to stroke has risen steadily since 1990, reaching 143 million DALYs and 6.55 million deaths in the year 2019.5
Reducing morbidity and mortality due to thromboembolic events is critical. Anticoagulation is an essential tool in the management of patients presenting with complex coagulation disorders. Clinicians are focusing on direct oral anticoagulants because they can be orally administered at fixed doses and have less intense laboratory monitoring requirements. Within the coagulation cascade, thrombin is a key enzyme for direct fibrin formation, activating platelets, and is essential for clot formation. Dabigatran (Pradaxa) is a thrombin inhibitor. Factor Xa is a second enzyme in coagulation since it is essential for thrombin activation. Factor Xa inhibitors include apixaban (Eliquis), edoxaban (Savaysa) and rivaroxaban (Xarelto). Direct inhibition of thrombin or factor Xa results in the inhibition of blood coagulation.6
Direct Thrombin Inhibition
Dabigatran etexilate is a prodrug that converts to active dabigatran after absorption from the gastrointestinal tract. It is available in 75 mg, 110 mg, and 150 mg capsules and is available in 20 mg, 30 mg, 40 mg, 50 mg, 110 mg, and 150 mg pellets in a packet for pediatric dosing. Not all dabigatran dosage forms are approved for the same indications and age groups. Do not substitute different dosage forms on a milligram-to-milligram basis, and do not combine more than one dosage form to achieve the total dose.7 See the Table below for DOAC dosing in specified indications.
The full prescribing information should be consulted for each of the DOAC agents regarding weight-based dosing recommendations in pediatric patients. It should also be the resource for individuals with renal impairment and for converting to, or from, parenteral anticoagulants or warfarin and for consideration of comprehensive safety and efficacy information.
There is a boxed warning in the dabigatran full prescribing information regarding the risk of thrombosis if premature discontinuation occurs. The boxed warning also describes the risk of spinal/epidural hematoma. Dabigatran is contraindicated in active pathological bleeding, history of hypersensitivity reaction to the drug, and in patients with a mechanical prosthetic heart valve. Dabigatran is not recommended in individuals with Triple-Positive Antiphospholipid Syndrome. The most common adverse reactions (> 15%) are gastrointestinal adverse reactions and bleeding. The prescribing information discusses the similarity of risk of major bleeding between dabigatran and warfarin. There is a trend for higher DOAC-associated incidence of major bleeding in individuals over age 75.7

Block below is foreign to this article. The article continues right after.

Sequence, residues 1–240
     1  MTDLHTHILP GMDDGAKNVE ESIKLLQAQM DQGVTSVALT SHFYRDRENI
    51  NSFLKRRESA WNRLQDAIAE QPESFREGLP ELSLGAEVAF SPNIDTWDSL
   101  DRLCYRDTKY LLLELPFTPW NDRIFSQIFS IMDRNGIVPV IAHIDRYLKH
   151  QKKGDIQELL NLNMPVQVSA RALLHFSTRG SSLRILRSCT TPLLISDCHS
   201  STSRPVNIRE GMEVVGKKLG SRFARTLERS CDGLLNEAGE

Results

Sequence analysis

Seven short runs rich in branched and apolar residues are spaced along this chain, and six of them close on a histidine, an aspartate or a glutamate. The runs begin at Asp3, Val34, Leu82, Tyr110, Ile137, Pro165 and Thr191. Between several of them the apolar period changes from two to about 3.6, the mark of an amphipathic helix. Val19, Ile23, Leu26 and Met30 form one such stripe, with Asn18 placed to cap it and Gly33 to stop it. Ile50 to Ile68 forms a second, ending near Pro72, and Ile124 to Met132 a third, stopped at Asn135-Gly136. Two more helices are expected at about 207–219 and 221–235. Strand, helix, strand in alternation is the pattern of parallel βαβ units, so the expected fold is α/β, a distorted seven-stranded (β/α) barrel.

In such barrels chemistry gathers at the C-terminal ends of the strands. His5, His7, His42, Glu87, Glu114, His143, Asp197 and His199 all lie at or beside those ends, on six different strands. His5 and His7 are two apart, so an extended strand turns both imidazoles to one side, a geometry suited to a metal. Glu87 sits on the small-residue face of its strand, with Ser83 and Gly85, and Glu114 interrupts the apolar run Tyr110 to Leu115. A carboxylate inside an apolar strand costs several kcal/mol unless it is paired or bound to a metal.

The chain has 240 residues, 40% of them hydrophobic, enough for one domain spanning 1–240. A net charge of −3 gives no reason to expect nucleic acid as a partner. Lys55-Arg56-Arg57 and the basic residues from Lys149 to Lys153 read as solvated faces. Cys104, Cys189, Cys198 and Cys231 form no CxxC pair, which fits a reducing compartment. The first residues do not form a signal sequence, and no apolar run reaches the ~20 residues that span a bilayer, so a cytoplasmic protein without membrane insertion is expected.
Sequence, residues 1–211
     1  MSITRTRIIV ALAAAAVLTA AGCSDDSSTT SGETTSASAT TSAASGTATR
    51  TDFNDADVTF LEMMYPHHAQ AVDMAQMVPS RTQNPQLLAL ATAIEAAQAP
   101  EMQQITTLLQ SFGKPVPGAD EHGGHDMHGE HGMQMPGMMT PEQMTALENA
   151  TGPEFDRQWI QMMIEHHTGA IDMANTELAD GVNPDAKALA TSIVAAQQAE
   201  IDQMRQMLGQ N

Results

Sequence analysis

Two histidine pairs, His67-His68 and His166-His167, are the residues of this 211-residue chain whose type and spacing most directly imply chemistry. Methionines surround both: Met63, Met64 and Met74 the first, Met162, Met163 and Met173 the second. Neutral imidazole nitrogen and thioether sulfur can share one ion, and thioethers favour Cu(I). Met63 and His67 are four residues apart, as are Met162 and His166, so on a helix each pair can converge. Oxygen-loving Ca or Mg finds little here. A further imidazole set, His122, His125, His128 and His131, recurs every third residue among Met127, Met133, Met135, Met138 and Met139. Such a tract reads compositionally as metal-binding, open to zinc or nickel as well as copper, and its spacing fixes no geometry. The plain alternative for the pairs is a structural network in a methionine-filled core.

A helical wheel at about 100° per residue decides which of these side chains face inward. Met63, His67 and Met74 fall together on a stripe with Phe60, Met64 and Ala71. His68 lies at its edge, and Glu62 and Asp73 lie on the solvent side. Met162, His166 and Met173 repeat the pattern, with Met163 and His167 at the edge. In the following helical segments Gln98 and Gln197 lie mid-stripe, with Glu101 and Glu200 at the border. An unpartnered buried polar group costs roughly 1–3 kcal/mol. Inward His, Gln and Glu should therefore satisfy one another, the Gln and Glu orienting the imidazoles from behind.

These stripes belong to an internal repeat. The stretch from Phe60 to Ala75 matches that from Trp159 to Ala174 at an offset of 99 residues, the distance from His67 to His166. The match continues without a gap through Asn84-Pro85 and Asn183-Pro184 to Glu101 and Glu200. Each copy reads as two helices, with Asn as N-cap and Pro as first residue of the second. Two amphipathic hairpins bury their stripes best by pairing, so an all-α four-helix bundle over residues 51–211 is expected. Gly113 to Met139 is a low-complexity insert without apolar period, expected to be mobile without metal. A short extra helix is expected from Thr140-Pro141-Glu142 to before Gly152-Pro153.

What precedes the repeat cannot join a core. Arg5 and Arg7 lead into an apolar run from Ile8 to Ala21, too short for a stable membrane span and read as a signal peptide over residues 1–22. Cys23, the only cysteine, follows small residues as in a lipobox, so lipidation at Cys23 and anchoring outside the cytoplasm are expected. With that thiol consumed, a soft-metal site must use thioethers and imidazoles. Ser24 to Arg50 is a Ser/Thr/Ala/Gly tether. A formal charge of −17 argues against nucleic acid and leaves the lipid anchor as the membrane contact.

Factor Xa Inhibition
Apixaban is a selective inhibitor of factor Xa. It does not require antithrombin III for activity. It has no direct effect on platelet aggregation but indirectly inhibits platelet aggregation. By inhibiting factor Xa, it decreases thrombin generation and thrombus development. It is available in 2.5 mg and 5 mg tablets.8
Apixaban is contraindicated in active pathological bleeding or a history of hypersensitivity reaction to the drug. There is a boxed warning regarding the risk of thrombosis if premature discontinuation occurs. The boxed warning also describes the risk of spinal/epidural hematoma. Apixaban is contraindicated in active pathological bleeding and a history of hypersensitivity reaction to the drug. It is not recommended for use in patients with prosthetic heart valves. Apixaban is not recommended in individuals with Triple-Positive Antiphospholipid Syndrome. The most common adverse events (> 1%) are related to bleeding.8
Edoxaban is a selective inhibitor of factor Xa. It does not require antithrombin III for activity. It inhibits free factor Xa, and prothrombinase activity and inhibits thrombin-induced platelet aggregation. Inhibiting factor Xa decreases thrombin generation and thrombus formation. It is available in 15 mg, 30 mg, and 60 mg tablets.9
Edoxaban is contraindicated in active pathological bleeding. The boxed warning describes reduced efficacy in nonvalvular atrial fibrillation (NVAF) patients with creatinine clearance > 95 ml/min. It warns of thrombosis risk if premature discontinuation occurs. The boxed warning also describes the risk of spinal/epidural hematoma. The most common adverse reactions (≥ 5%) are bleeding and anemia in patients presenting with NVAF. The most common adverse reactions (≥ 1%) in the treatment of deep vein thrombosis (DVT) and pulmonary embolism (PE) with edoxaban are bleeding, rash, abnormal liver function tests, and anemia.9
Rivaroxaban is a selective oral direct factor Xa inhibitor. It is available in 2.5 mg, 10 mg, 15 mg, and 20 mg tablets and as a 1 mg/ml oral suspension once reconstituted. The full prescribing information should be consulted for weight-based dosing recommendations in pediatric patients.10